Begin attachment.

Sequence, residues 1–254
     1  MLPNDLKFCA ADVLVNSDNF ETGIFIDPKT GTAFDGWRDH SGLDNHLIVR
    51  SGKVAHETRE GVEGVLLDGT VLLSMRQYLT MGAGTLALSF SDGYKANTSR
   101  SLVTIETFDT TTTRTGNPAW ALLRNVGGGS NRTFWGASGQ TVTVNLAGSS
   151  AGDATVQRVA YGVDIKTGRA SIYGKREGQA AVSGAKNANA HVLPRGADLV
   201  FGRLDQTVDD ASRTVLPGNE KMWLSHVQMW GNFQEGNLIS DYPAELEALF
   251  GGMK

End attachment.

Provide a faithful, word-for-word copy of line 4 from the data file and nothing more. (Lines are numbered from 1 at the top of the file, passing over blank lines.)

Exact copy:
   101  SLVTIETFDT TTTRTGNPAW ALLRNVGGGS NRTFWGASGQ TVTVNLAGSS